AMC Entertainment shares remain in focus today after it was reported that Mudrick Capital, which bought 8.5 million shares for $230.5 million yesterday, quickly sold the shares for a profit and called it overvalued.
AMC announced the equity placing yesterday as it took advantage of the stellar rise in its share price in recent weeks to help fund acquisition opportunities, but reports quickly followed that Mudrick flipped the stake, suggesting firms are becoming bolder in their attempts to profit from the retail trading frenzy.
Etsy, the online site selling handmade and custom products, has agreed to purchase second-hand clothes seller Depop for $1.62 billion mostly in cash as it looks to capitalise on the growing demand in the clothes resale market among younger consumers.
Depop is a UK-based firm founded in 2011 that lets people buy and sell clothes. It handled gross merchandise sales of $650 million in 2020 and booked revenue of $70 million, with both more than doubling from the previous year. It had 4 million active buyers and 2 million sellers last year.
The deal is expected to close in the third quarter of 2021 and will be funded using existing resources.
Tyson Foods has announced that its president and chief executive Dean Banks is leaving the company for personal reasons and being replaced by chief operating officer Donnie King.
King has been in the protein industry for 36 years and has held numerous roles at Tyson Foods, including previously leading its North American division and its international arm. The change will take effect immediately.
‘I’m humbled but excited about leading Tyson Foods, a company that feeds millions of people and means so much to me personally,’ said King. ‘I believe we need to be sharply focused on operating with excellence, executing our strategies, and continuing to innovate across our businesses throughout the world. With our strong leadership team, we are committed to winning with our customers and delivering an outstanding team member experience,’ said King.
Tesla is recalling almost 6,000 cars in the US over fears that bolts fastening the brake caliper could come loose and cause a loss in tyre pressure.
Tesla said the threat of losing tyre pressure was only happening in ‘very rare circumstances’ and will fix any faults that are found in the cars being recalled. The cars affected include Model 3s made between 2019 and 2021 and Model Ys produced between 2020 and 2021.
Tesla has since rectified the problem to ensure it is not happening to new cars rolling off the production line.
Chinese firm Canaan, which produces computers used to mine bitcoin, has argued against a crackdown on cryptocurrency mining in China and argued the industry boosts employment and the economy.
Chief executive Zhang Nangeng agreed fossil-fuel powered mining does go against ambitions to go green, but said those powered by cleaner sources of energy should escape the crackdown. The comments, made in an earnings conference call, came after China decided to start taking action against energy-intensive crypto mining.
The comments came after Canaan reported first-quarter results yesterday, revealing net revenues soared to RMB402.8 million from just RMB68.3 million the year before as the amount of computing power sold more than doubled. It produced net income of RMB1.2 million, turning from a RMB39.9 million loss the year before.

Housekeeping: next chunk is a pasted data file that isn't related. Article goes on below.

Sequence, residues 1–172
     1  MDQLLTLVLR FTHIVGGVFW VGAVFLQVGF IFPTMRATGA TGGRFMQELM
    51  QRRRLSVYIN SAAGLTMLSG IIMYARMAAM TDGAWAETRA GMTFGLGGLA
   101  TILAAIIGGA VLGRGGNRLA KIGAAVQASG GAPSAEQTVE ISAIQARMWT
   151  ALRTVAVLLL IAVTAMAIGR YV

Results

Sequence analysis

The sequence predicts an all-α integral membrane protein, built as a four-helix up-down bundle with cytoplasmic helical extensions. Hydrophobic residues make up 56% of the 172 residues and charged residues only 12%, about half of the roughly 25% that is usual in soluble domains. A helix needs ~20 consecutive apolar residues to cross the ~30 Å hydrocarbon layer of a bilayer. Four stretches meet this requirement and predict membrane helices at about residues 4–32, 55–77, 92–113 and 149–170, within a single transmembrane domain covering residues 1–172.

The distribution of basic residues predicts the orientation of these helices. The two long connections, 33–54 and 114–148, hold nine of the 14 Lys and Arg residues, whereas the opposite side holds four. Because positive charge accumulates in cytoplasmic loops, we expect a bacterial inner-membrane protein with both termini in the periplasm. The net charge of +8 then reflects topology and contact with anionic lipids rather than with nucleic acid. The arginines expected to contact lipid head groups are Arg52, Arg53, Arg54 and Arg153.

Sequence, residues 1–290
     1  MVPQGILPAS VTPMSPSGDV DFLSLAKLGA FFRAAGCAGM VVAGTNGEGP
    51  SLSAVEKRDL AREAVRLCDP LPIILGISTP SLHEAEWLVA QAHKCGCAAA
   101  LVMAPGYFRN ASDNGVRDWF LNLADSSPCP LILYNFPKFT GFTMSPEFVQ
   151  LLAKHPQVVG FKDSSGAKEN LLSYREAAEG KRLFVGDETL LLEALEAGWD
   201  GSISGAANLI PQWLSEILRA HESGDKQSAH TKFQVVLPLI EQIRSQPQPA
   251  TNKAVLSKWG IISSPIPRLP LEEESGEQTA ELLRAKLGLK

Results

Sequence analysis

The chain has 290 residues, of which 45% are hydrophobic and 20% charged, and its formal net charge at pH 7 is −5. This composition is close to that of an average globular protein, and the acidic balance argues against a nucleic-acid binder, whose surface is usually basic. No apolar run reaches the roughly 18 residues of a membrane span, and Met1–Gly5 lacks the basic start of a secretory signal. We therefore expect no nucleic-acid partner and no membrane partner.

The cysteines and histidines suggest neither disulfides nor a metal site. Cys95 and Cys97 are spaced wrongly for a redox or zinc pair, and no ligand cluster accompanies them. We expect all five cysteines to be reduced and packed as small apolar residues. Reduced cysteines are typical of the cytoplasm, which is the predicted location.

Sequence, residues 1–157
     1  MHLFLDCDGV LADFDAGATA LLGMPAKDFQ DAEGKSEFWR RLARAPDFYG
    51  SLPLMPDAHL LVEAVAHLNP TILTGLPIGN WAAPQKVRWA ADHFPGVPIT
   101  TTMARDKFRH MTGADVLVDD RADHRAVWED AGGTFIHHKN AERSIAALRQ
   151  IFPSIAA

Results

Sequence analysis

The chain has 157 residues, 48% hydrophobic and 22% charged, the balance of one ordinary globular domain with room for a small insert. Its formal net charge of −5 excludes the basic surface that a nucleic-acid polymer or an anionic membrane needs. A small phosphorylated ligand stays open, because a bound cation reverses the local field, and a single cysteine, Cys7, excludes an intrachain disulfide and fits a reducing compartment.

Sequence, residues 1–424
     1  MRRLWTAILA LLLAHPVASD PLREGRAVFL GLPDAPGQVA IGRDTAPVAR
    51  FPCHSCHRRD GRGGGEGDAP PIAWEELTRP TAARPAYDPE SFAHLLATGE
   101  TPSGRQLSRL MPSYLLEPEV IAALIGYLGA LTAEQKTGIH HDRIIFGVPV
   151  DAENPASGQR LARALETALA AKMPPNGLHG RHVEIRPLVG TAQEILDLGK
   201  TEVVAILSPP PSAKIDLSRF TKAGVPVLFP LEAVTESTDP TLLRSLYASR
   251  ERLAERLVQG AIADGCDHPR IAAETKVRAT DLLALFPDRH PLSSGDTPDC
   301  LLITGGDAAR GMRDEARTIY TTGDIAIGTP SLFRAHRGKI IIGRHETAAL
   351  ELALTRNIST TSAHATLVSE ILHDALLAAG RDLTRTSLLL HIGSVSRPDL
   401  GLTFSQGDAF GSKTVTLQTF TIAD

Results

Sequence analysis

Johnson & Johnson
The US Supreme Court has rejected Johnson & Johnson’s hopes of overturning $2.1 billion of damages awarded to women who claim to have contracted ovarian cancer because of asbestos in baby powder and other talc-based products.
J&J had lodged an appeal in the state of Missouri after officials rejected previous attempts to throw out the case. However, J&J was successful last year in cutting the damages from an original sum of $4.7 billion.
The case, which combined individual claims from 22 different women, is significant as J&J has warned previously that it could face up to 19,000 similar claims.
Zoom Video Communications on Tuesday said revenue trebled in the first quarter to the end of April, leading to significantly higher profits as the company continues to benefit from people socialising and working from home.
Revenue soared to $956.2 million from only $328.2 million the year before, with net income leaping to $227.5 million from $27.1 million. It beat analyst expectations at both the top and bottom lines.
Zoom said it expects to report revenue of $985 million and $990 million in the second quarter, with operating income of $350 million to $360 million. That is better than the $931.8 million forecast by analysts. For the full year, Zoom said it is now targeting revenue of $3.97 billion and $3.99 billion with income of $1.42 billion and $1.44 billion.
Moderna has struck a partnership with Swiss drugmaker Lonza to boost production of lower doses of its coronavirus vaccine that can be used on younger age groups and to battle new variants.
The deal means Lonza’s production site in the Netherlands will be able to make up to 300 million doses at 50mg each, half the original dose of the vaccine that has already been approved. Moderna said it expects there will be a mixture of dosage levels available on the market as of 2022 as it explores whether a lower dose can prove as effective or prove better protection for children.
Moderna is aiming to deliver up to 3 billion doses of its vaccine in 2022, although has not broken this down by dosage. That will compare to the 800 million to 1 billion doses it hopes to deliver before the end of 2021.
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